Marvin Gaye Chetwynd: The King Must Die Old Royal High School Rating: ***
eeee o ee e i a a e e a Rhubaba Rating: ***
Ariel Guzik: Holoturian Trinity Apse Rating: ***
Hanna Tuulikki: SING SIGN: A Close Duet Gladstone’s Land Rating: ****
kennardphillips: Here Comes Everybody Stills Rating: ****
Beatrice Gibson: Crippled Symmetries Collective Gallery Rating: ****
One evening I found myself in a close off the Royal Mile watching the artist’s lovely performance with Daniel Padden. While traffic hummed in the background and seagulls wheeled above, the pair faced each other and sang wordlessly, gesturing using movements derived from British Sign Language. At times their mimicry and interaction was frustrating and at others charming, playful and openly comic.
If you can’t catch the live performances, which have very limited capacity, you can see a film version in an upstairs room at Gladstone’s Land, where the charisma of a part of the city we can easily take for granted becomes apparent and hidden aspects of the performance openly revealed. Tuulikki’s sheer force of personality, imaginative energy and unique artistry promise much for the future.
There are moments in any festival, where even the most dedicated hedonist finds themselves trying to figure out how all the dressing up, the pushing of boundaries and the fun sits with a real world that can be violent, terrible and horribly unjust.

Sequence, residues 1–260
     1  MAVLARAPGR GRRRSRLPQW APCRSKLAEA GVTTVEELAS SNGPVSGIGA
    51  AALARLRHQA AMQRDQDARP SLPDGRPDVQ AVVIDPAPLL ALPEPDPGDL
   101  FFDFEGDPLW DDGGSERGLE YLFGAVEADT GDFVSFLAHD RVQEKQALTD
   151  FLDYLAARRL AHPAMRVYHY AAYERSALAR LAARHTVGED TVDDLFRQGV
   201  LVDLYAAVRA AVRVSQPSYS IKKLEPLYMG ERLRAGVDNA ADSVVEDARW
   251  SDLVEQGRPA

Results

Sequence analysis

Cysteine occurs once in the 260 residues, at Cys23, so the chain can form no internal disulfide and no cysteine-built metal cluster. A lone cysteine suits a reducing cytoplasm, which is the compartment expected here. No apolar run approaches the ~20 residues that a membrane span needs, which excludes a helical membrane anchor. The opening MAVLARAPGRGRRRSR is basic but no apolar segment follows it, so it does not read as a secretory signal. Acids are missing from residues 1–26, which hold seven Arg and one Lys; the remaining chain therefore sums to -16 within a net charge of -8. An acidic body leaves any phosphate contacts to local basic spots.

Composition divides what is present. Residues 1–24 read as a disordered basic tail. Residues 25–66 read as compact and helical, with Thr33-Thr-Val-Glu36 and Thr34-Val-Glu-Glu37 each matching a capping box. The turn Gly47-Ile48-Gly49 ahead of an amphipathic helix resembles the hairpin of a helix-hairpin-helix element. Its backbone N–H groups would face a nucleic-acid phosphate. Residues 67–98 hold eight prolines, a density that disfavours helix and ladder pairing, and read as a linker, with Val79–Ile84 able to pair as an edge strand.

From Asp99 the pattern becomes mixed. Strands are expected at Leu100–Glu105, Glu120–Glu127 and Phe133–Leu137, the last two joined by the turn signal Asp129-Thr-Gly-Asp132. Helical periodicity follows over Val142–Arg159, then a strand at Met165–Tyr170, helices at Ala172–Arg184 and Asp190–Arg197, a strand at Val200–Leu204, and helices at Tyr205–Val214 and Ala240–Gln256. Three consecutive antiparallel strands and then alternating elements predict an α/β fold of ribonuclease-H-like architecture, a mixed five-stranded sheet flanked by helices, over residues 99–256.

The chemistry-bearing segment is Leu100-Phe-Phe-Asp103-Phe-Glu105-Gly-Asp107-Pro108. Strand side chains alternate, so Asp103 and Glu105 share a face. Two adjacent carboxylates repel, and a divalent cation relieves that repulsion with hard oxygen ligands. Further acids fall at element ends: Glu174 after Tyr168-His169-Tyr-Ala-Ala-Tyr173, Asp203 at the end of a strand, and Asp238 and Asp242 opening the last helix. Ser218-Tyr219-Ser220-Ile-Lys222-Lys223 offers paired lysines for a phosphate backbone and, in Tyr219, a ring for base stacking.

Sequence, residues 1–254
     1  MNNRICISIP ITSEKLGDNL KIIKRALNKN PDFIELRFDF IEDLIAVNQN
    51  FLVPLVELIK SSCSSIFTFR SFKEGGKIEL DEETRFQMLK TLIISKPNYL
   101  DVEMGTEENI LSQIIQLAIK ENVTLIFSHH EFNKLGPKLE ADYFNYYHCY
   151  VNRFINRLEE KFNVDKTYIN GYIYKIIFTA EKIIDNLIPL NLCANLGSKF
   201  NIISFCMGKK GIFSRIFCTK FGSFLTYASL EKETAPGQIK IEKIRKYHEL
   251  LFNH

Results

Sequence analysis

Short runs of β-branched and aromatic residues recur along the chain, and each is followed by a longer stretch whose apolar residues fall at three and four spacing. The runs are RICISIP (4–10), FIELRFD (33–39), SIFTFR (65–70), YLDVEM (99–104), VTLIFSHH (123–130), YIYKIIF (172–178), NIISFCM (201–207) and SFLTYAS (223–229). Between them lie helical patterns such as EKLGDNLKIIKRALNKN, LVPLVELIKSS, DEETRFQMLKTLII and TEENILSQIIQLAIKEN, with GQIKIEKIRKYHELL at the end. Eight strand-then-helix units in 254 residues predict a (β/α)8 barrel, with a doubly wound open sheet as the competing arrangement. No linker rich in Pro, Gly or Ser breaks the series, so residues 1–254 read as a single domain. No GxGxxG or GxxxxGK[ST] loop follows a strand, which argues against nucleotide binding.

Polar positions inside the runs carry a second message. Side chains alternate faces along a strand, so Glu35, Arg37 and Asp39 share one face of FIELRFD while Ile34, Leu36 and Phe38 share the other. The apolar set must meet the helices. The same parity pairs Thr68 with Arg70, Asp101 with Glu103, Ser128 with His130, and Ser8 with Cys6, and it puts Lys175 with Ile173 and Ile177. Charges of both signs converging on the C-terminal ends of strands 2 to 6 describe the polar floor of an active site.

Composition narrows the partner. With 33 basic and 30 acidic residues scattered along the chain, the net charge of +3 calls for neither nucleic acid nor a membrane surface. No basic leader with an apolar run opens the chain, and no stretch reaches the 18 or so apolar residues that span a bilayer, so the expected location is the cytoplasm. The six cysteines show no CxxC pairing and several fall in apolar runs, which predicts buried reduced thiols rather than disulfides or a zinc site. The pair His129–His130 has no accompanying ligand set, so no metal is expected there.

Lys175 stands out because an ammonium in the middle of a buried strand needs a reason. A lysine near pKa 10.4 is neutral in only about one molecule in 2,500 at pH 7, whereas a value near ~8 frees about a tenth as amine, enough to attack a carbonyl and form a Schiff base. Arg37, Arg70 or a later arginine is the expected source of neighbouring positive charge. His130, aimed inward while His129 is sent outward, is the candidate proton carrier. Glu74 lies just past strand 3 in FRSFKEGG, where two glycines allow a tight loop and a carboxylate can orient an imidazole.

One answer is at Stills with the work of Cat Phillips and Peter Kennard. The duo, who work together as kennardphillips, created one of the great images of this century, the grinning photomontage of Tony Blair taking a selfie in front of a wall of flames.
Here, the pair have developed an open structure of stacked pallets and swinging wood structures on which to mount not only their own work but also that of members of the public who can visit their War on War Room in the St James’s Centre. Working in humble materials they produce searing prints on themes of violence, corruption and exploitation in the global economy. One installation revisits work made for Leadenhall Market in the heart of the square mile, where images of global poverty were printed on stock listings in the pink pages of the Financial Times. City types were not phased by the images: they simply wanted to know if the work was for sale.
The answer to the question of how to marry the demands of avant-garde art with the social and political impulse comes with remarkable clarity at the top of Calton Hill in an understated show at Collective of two short films by Beatrice Gibson. F for Fibonacci weaves a fascinating tale fusing mathematics, a small boy playing Minecraft and economist Fisher Black’s famous 80s thesis on the distinction between noise and information.
Playing opposite is Crippled Symmetries, a re-enactment of some radical musical performances from the Fluxus era made with children in a playground. It becomes the story of George, a small, feisty Londoner with a Dickensian face and a tendency to run off with the story. Here, as he throws coins on a table or recites economic terms from a dictionary, the world becomes charged with a sense of frustrated possibilities and wasted opportunities.
• Marvin Gaye Chetwynd, ee e i a a e e a, Ariel Guzik and Hanna Tuulikki all until 30 August; kennardphillips until 24 October; Beatrice Gibson until 4 October, www.edinburghartfestival.com